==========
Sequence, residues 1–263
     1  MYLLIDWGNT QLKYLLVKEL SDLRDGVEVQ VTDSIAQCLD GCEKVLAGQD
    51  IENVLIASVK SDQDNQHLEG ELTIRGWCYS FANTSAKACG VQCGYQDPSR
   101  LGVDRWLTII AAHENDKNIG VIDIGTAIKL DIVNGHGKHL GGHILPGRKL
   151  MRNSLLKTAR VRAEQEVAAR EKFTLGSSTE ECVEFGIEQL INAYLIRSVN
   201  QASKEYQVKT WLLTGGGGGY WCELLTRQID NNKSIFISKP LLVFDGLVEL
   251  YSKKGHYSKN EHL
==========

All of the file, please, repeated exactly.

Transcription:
Sequence, residues 1–263
     1  MYLLIDWGNT QLKYLLVKEL SDLRDGVEVQ VTDSIAQCLD GCEKVLAGQD
    51  IENVLIASVK SDQDNQHLEG ELTIRGWCYS FANTSAKACG VQCGYQDPSR
   101  LGVDRWLTII AAHENDKNIG VIDIGTAIKL DIVNGHGKHL GGHILPGRKL
   151  MRNSLLKTAR VRAEQEVAAR EKFTLGSSTE ECVEFGIEQL INAYLIRSVN
   201  QASKEYQVKT WLLTGGGGGY WCELLTRQID NNKSIFISKP LLVFDGLVEL
   251  YSKKGHYSKN EHL